A team of researchers at Naval Air Systems Command’s Fleet Readiness Center East have received equipment upgrades designed to boost the development of additive manufacturing capabilities to support areas such as aviation maintenance, engineering, repair and overhaul.
NAVAIR said Friday Fleet Support Team’s Advanced Technology and Innovation Team is now using chemical resistant materials, 3D printing technology capable of reaching high temperatures and larger 3D printers built to manufacture prototypes and usable items.
Among the items developed for real-life applications is a port cover for the digital engine control unit of the AV-8B Harrier’s F402 engine.
“These small aluminum covers had a lead time of over one year. We were able to 3D print fuel-safe replacements from a chemical-resistant polymer, and the depot was able to clear that backlog within a few days, at a small fraction of the cost of sourcing the original aluminum covers,” said Randall Lewis, lead of the FRCE’s Innovation Lab.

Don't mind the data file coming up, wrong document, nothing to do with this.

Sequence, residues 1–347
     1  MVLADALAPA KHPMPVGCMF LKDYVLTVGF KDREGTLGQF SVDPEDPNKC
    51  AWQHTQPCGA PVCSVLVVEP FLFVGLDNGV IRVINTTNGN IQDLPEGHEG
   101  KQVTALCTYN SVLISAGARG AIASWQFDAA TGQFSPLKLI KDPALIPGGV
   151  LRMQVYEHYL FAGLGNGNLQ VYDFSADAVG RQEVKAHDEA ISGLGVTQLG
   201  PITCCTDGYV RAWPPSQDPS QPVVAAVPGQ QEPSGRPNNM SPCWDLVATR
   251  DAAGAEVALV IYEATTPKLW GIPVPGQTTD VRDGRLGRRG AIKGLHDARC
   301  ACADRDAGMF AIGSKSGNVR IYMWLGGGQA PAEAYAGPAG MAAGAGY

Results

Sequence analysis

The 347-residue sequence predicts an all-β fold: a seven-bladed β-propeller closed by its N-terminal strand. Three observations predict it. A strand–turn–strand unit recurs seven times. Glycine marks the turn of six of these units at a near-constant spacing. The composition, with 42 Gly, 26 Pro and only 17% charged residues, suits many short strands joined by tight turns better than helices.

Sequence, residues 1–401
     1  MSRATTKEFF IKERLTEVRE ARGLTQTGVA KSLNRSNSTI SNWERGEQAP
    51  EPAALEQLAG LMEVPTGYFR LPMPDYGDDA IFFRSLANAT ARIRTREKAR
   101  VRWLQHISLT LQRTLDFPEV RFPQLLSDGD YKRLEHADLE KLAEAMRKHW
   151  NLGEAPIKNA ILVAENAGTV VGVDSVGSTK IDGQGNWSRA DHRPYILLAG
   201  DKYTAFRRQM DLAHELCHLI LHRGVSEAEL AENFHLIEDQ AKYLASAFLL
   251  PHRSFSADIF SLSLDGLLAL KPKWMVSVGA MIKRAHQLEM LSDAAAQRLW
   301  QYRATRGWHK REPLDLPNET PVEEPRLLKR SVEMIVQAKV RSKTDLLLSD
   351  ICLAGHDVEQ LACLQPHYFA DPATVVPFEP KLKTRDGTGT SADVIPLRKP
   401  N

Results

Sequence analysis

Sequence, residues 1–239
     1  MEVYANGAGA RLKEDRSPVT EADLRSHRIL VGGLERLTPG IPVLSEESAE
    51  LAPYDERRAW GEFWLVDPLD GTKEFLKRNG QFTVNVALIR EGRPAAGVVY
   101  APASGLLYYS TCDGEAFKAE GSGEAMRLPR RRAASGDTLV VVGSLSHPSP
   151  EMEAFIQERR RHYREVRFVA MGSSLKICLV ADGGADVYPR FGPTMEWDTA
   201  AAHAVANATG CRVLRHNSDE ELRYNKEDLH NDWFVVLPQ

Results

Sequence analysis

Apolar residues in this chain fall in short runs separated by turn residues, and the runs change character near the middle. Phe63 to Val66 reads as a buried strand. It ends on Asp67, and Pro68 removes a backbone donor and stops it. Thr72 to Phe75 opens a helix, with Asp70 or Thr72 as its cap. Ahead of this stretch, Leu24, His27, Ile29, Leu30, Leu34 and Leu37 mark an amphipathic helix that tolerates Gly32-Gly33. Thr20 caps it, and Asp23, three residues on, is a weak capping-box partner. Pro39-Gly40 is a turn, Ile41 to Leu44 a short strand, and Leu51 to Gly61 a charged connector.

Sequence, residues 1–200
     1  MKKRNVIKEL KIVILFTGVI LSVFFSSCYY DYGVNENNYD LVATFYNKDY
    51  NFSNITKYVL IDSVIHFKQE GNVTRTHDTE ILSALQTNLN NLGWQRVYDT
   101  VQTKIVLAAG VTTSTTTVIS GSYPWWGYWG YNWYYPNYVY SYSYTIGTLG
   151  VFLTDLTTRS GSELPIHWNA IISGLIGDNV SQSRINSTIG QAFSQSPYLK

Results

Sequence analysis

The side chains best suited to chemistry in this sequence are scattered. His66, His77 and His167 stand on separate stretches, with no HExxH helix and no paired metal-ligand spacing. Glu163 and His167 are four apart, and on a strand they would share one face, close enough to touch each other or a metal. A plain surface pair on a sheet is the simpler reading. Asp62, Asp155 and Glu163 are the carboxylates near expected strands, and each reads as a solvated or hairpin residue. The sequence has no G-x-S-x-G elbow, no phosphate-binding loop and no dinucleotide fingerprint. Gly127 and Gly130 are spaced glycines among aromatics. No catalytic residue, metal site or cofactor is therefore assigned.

The Innovation Lab also supports the deployment of 3D printed applications across the fleet. Lewis explained that these applications undergo initial prototyping and testing at the lab before the NAVAIR Additive Manufacturing Integrated Product Team help create a technical data package that will then be sent to Marines and sailors.